What is libfprint?
libfprint is an open source software library designed to improve the usability of consumer fingerprint scanners on Linux. It aims to provide a simple API to the developer, hiding the nasty details of the hardware that the user is using. It also aims to support a lot of devices and have a nice internal API for drivers.
How does libfprint relate to other open source fingerprint projects?
Most previous open source fingerprint projects have managed to retrieve images from the devices they support, but have stopped there. Examples include dpfp and various Authentec driver projects. Not only does libfprint act as replacement these projects by allowing applications to retrieve images from the devices, it goes a step further and actually processes the images to allow fingerprint verification, leading to functionality such as fingerprint-based login.
libthinkfinger from ThinkFinger is the only other project that offers fingerprint verification capabilities for the devices it supports. libfprint can also act as a libthinkfinger replacement, as it supports these devices in the upekts driver which was based on code anyway.
Even though libfprint may have borrowed code (with permission) from other open source fingerprint projects, it is standalone and does not require other fingerprint libraries to be installed.
How well does it work on my hardware?
Why does libfprint keep saying that my fingerprints do not match?
Does libfprint require BioAPI?
No. (more on this below)
Does libfprint require any special kernel drivers?
No. libfprint has drivers internally, based in userspace, using libusb for device I/O.
Which devices does libfprint support?
See unsupported devices.and
Tell me more about the image processing code?
libfprint includes NBIS and uses it for the image processing (mindtct) and later comparison of new images against previously enrolled prints (bozorth3). bozorth3 is not available on NISTs server due to export control concerns, which I have found do not apply to this project.
This code is fast -- mindtct takes approx 0.15 seconds for a 384x289 image on my 2ghz dual core laptop [only using one core], and bozorth3 takes about 0.1 seconds to compare 2 of those prints. From my testing so far, it appears to be impressively accurate too - I have yet to find a false acceptance.
Why can't I get images from my fingerprint scanner?
Chances are it is not an imaging device, and does image processing in hardware. Hardware driven by the upekts driver falls into this category.
Why no BioAPI?
At first glance, BioAPI is a nice idea. It basically aims to standardize an API for access to biometric devices.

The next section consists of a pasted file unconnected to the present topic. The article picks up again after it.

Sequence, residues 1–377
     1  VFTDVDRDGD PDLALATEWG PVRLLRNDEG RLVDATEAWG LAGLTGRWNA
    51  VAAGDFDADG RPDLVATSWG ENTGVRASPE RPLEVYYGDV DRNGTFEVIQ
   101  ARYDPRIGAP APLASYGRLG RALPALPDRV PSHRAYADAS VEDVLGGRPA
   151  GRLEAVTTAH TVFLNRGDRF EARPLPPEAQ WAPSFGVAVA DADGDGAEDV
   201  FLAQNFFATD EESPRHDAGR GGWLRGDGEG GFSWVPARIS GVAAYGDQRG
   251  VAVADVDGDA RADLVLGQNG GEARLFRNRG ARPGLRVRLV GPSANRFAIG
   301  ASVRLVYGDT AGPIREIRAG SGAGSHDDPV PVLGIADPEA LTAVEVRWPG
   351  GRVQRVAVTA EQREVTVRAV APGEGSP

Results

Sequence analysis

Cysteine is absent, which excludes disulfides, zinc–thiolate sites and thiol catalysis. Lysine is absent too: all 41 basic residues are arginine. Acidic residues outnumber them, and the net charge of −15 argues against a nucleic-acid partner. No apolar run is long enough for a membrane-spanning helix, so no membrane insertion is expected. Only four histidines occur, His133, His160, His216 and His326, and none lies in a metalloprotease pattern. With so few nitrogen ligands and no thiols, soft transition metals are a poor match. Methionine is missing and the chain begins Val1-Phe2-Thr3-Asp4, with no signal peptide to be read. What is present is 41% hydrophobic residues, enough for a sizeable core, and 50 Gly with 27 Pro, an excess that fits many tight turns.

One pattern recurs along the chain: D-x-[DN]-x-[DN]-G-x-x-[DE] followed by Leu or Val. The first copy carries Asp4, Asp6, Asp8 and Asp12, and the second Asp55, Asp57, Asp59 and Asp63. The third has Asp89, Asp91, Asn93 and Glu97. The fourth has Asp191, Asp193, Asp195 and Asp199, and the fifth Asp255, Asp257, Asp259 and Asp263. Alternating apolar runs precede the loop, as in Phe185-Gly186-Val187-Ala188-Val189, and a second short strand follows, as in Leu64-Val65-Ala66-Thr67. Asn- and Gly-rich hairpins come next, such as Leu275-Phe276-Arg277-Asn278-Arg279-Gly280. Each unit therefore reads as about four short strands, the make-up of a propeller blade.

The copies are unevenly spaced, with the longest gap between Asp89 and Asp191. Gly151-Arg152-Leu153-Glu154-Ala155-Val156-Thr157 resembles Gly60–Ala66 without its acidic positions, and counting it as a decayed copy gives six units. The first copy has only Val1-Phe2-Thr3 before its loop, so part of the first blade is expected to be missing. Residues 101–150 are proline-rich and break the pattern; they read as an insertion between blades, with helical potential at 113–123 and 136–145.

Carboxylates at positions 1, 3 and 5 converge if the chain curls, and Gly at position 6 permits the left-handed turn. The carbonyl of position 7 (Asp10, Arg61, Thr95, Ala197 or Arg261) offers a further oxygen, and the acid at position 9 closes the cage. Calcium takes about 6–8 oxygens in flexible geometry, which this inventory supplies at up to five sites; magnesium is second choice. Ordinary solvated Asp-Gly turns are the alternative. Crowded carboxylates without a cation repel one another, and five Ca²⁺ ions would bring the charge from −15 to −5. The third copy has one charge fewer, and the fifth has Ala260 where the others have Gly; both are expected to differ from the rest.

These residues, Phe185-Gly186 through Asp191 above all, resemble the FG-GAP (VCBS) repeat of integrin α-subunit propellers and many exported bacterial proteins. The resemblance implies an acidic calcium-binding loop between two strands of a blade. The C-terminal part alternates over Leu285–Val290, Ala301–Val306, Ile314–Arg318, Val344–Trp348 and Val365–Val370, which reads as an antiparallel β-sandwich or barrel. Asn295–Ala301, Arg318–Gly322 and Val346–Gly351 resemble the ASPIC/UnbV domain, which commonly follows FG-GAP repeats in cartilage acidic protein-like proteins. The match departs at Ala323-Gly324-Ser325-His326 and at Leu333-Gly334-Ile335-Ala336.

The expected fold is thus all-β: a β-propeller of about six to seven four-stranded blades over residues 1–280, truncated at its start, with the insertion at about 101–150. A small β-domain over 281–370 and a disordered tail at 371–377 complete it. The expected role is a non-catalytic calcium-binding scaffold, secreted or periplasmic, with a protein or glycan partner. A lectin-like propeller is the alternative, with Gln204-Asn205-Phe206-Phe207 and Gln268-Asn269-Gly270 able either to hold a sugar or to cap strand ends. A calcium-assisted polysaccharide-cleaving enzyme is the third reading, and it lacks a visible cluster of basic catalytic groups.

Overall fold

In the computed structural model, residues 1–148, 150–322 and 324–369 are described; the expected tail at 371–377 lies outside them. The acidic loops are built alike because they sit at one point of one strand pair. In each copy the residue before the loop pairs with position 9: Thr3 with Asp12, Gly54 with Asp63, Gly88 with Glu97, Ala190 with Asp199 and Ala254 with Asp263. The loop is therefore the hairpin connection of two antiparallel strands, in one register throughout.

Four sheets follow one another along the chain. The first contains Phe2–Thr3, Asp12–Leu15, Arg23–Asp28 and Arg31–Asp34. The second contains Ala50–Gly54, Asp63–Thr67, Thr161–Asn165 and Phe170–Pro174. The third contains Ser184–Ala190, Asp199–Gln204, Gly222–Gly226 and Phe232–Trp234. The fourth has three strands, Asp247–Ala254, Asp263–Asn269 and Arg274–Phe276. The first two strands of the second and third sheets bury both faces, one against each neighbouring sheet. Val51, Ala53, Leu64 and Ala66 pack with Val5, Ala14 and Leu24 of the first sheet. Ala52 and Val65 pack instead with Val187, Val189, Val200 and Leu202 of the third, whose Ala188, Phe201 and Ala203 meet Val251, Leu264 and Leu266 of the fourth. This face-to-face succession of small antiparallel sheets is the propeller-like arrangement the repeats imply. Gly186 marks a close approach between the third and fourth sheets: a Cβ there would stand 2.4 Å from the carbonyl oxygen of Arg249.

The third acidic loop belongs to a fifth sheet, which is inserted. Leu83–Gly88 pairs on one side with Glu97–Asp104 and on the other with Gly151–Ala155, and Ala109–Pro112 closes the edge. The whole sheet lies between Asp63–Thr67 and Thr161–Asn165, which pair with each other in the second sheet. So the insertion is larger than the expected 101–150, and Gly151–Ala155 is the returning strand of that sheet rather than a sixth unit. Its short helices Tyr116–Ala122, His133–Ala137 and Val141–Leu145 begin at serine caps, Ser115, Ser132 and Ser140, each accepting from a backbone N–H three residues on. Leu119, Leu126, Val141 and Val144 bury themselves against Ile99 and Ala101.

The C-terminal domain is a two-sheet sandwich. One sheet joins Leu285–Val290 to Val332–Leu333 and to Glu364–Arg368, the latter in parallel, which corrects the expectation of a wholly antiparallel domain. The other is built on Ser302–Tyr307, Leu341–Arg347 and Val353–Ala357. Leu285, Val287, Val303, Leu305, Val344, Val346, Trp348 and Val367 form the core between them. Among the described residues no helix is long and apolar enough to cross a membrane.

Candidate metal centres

There are a few reasons why BioAPI is not used in libfprint.
- BioAPI is closed. There does not seem to be any way to provide input for API design, unless you are a member.
- BioAPI is not free. While a 6-year old version of the standard can be freely downloaded, the latest version must be purchased.
- BioAPI adoption seems to be very low. I only know of a single freely downloadable software product which uses BioAPI, and that one is closed source: UPEKs own Linux fingerprint drivers.
- BioAPI is vague and complex. It turns out that designing API's to drive biometric hardware in general is a hard problem, and I don't really agree with their approach on things. Actually, I don't feel that I have a complete understanding of it either, despite spending a long time looking at it. Another reason for avoidance.
- BioAPI doesn't do as much as people think. For example it has no image processing code, it just describes an API for how such code might be driven.
- libfprint started as a university project, with a core component being abstraction handling and library design. So at least in the context of the academic project, I had to "reimplement" the kind of thing BioAPI tries to achieve anyway. I may be wrong, and BioAPI may be a good system. However, I believe libfprint's flexibility should make it possible and realistic for someone to slot in libfprint into the BioAPI chain. I would happily endorse and host such a project if someone is up for the challenge.
Additionally, in some ways, it almost makes sense for libfprint to be separate. BioAPI looks at all kinds of biometric applications (including fingerprints), libfprint targets fingerprint scanners exclusively. BioAPI or equivalent almost feels well suited to be a natural 'parent' of libfprint, alongside potential projects like libirisscan, libfacerecognition, etc :)
Aren't fingerprints insecure?
See ../Security notes for discussion. Short answer: libfprint is secure enough for your average user, but overall libfprint is not secure, and neither is typing passwords into your computer. Did I mention you're reading this site over an unencrypted protocol?
How can I help?
See Project needs.
Where do I go for help?
User support happens on the mailing list.